Cleveland Voters Will Consider the City's First Income Tax Hike in 35 Years
Next month, Cleveland voters will decide on the city’s first income tax hike in 35 years. Issue 32 would increase the tax to 2.5 percent.
Mayor Frank Jackson says without the half-percent income-tax hike, city services will have to be cut. But he says the extra $80 million a year would improve services, including police department reforms. The Greater Cleveland Partnership, the area’s chamber of commerce, has endorsed the tax hike. President Joe Roman, believes it will keepsmaintain the city’s momentum by bolstering services.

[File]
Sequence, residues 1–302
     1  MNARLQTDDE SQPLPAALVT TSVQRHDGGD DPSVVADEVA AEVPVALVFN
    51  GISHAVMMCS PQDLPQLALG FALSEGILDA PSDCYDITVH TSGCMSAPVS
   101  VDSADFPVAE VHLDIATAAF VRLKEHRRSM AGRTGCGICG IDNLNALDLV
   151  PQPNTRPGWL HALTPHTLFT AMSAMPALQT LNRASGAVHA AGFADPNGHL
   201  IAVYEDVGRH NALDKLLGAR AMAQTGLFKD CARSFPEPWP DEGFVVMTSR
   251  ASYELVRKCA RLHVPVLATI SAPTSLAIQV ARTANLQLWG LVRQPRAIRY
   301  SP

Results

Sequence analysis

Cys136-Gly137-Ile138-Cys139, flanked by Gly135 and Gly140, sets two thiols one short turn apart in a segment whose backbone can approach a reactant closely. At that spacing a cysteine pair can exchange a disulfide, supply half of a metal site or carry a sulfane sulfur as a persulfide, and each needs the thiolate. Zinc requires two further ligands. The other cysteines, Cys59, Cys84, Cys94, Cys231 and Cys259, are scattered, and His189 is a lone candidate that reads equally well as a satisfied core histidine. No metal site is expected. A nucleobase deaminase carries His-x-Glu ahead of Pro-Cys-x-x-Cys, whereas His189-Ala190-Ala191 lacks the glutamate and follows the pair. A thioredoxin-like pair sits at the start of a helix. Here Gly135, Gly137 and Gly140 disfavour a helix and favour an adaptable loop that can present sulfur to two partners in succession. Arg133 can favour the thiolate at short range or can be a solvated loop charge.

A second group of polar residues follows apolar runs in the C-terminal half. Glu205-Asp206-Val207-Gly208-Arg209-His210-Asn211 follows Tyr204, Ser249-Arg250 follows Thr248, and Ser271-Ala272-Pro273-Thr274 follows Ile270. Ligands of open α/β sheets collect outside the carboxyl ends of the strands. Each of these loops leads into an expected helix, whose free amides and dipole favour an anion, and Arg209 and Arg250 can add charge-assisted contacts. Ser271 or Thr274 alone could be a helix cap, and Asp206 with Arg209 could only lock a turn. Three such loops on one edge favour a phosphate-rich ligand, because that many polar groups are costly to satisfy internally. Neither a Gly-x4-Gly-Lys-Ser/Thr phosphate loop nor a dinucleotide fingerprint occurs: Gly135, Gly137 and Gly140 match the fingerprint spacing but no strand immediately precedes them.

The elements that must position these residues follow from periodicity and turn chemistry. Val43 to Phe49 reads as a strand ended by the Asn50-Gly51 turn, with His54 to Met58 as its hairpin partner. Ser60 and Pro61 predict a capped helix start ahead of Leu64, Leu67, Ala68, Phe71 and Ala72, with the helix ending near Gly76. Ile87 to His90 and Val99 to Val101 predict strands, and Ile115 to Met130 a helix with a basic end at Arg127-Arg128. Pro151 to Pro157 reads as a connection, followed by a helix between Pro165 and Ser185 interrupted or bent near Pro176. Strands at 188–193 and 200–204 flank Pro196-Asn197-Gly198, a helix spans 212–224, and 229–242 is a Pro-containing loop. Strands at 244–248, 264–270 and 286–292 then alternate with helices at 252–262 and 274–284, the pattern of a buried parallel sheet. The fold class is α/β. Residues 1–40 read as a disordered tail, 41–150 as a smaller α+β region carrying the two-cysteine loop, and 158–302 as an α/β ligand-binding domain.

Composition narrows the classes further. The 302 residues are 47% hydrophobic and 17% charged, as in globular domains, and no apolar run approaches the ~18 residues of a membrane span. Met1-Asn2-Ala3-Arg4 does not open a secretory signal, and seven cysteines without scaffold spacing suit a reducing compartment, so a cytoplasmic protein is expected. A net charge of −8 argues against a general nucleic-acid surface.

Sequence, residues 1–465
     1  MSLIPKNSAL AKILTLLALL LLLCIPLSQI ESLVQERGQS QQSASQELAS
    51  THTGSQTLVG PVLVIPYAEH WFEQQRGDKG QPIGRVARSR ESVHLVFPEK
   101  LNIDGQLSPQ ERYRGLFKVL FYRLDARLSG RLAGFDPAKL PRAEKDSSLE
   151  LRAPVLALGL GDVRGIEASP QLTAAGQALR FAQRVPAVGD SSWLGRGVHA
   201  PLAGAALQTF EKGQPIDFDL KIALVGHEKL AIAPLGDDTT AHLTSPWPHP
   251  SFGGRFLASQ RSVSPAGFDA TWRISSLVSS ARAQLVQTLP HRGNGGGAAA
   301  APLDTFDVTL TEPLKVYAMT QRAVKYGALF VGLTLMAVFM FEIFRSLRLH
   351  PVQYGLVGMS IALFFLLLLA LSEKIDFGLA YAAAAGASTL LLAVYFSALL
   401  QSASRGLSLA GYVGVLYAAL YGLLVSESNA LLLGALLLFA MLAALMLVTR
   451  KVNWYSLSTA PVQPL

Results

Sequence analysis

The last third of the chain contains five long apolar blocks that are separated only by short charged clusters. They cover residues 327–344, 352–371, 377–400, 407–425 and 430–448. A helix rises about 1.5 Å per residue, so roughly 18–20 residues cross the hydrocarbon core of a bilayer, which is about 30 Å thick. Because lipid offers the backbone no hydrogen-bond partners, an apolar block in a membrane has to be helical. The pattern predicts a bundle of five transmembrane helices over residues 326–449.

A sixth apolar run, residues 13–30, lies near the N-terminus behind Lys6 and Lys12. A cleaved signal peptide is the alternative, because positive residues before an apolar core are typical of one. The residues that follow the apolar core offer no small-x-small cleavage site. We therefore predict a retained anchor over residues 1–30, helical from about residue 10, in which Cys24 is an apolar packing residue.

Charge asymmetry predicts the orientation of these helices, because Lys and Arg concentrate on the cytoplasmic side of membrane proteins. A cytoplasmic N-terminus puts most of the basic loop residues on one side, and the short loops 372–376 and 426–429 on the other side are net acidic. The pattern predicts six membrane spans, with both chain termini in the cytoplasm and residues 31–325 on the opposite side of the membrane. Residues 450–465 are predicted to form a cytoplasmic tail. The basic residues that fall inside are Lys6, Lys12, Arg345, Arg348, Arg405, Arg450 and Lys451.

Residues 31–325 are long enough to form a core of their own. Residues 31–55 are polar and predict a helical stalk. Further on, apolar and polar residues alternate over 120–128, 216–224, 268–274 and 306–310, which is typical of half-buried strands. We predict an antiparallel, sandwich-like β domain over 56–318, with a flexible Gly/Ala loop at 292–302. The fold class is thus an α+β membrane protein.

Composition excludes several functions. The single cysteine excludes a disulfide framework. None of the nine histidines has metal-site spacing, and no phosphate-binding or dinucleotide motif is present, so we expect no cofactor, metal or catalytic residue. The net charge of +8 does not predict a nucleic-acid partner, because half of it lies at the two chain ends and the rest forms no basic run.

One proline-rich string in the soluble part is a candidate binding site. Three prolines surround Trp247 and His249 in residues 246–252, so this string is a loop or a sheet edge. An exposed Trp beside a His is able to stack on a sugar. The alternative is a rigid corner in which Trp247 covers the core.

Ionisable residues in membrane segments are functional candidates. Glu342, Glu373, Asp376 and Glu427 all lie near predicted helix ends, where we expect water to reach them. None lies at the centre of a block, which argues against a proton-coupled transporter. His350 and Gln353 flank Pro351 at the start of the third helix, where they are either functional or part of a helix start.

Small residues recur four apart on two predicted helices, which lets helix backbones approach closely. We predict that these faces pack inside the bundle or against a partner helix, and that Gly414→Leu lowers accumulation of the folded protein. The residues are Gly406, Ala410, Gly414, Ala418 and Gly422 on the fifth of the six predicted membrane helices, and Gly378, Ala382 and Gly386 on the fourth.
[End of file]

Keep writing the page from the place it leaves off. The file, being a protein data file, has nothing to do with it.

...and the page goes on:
“Housing inspectors, safety services, all the kinds of things that are crucial to a neighborhood being ripe for investment, including downtown. We do have neighborhoods of the city beginning to grow again and we need more of them to do that. But in order to accomplish it we need the services. People need to see they have the services in the neighborhoods they can count on.”
The proposed tax hike has received little opposition. That’s because nearly 90 percent of Cleveland’s income tax is paid by commuters who live outside the city.
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